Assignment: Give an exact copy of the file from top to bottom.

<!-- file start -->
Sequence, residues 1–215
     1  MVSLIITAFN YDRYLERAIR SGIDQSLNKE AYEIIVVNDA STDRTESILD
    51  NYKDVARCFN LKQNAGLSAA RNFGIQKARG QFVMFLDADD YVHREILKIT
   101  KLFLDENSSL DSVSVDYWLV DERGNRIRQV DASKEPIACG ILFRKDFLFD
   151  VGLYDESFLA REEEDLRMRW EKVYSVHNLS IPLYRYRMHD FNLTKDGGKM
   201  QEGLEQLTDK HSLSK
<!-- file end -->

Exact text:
Sequence, residues 1–215
     1  MVSLIITAFN YDRYLERAIR SGIDQSLNKE AYEIIVVNDA STDRTESILD
    51  NYKDVARCFN LKQNAGLSAA RNFGIQKARG QFVMFLDADD YVHREILKIT
   101  KLFLDENSSL DSVSVDYWLV DERGNRIRQV DASKEPIACG ILFRKDFLFD
   151  VGLYDESFLA REEEDLRMRW EKVYSVHNLS IPLYRYRMHD FNLTKDGGKM
   201  QEGLEQLTDK HSLSK